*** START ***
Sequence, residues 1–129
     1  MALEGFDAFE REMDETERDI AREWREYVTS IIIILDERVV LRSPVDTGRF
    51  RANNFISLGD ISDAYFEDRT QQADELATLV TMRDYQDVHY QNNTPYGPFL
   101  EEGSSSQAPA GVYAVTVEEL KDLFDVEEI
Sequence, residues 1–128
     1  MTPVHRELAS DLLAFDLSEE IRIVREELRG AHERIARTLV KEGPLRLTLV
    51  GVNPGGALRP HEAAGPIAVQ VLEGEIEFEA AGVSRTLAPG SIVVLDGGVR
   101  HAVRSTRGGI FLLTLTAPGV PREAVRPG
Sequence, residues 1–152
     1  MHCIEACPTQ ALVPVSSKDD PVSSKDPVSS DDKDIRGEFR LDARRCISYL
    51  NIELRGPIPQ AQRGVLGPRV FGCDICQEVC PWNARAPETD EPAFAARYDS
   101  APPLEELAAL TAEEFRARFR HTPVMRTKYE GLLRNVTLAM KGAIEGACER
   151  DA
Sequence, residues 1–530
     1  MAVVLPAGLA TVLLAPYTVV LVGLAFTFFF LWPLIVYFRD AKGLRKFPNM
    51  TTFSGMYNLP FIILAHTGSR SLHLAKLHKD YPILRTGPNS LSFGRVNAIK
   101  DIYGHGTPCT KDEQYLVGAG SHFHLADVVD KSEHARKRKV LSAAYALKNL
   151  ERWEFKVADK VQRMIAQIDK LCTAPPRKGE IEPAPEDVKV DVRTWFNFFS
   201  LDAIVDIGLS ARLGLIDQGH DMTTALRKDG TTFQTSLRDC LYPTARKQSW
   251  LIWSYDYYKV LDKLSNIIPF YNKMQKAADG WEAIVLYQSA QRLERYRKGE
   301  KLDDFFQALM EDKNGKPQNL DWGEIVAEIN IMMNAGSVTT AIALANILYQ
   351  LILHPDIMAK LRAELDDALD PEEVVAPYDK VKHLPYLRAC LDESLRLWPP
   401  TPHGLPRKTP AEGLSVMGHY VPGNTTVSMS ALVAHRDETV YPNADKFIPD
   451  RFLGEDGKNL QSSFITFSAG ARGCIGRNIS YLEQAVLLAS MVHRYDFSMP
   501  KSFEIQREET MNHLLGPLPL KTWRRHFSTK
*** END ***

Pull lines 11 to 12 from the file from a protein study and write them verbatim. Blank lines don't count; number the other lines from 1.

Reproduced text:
    51  NIELRGPIPQ AQRGVLGPRV FGCDICQEVC PWNARAPETD EPAFAARYDS
   101  APPLEELAAL TAEEFRARFR HTPVMRTKYE GLLRNVTLAM KGAIEGACER